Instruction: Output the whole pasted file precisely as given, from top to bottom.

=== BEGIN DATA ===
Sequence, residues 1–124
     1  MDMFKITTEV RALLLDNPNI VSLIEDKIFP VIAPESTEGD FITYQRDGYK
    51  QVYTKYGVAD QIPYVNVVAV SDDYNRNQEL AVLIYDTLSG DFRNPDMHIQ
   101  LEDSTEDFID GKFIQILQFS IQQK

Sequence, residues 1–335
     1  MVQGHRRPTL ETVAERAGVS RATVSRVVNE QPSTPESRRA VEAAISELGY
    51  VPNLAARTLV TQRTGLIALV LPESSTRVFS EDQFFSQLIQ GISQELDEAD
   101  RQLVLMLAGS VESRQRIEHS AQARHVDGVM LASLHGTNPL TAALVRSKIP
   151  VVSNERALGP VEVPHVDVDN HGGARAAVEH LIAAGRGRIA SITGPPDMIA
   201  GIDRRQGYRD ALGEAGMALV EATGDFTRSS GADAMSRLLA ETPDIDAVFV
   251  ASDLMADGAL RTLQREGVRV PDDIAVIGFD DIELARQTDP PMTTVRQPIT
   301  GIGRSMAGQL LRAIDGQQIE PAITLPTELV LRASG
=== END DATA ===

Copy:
Sequence, residues 1–124
     1  MDMFKITTEV RALLLDNPNI VSLIEDKIFP VIAPESTEGD FITYQRDGYK
    51  QVYTKYGVAD QIPYVNVVAV SDDYNRNQEL AVLIYDTLSG DFRNPDMHIQ
   101  LEDSTEDFID GKFIQILQFS IQQK

Sequence, residues 1–335
     1  MVQGHRRPTL ETVAERAGVS RATVSRVVNE QPSTPESRRA VEAAISELGY
    51  VPNLAARTLV TQRTGLIALV LPESSTRVFS EDQFFSQLIQ GISQELDEAD
   101  RQLVLMLAGS VESRQRIEHS AQARHVDGVM LASLHGTNPL TAALVRSKIP
   151  VVSNERALGP VEVPHVDVDN HGGARAAVEH LIAAGRGRIA SITGPPDMIA
   201  GIDRRQGYRD ALGEAGMALV EATGDFTRSS GADAMSRLLA ETPDIDAVFV
   251  ASDLMADGAL RTLQREGVRV PDDIAVIGFD DIELARQTDP PMTTVRQPIT
   301  GIGRSMAGQL LRAIDGQQIE PAITLPTELV LRASG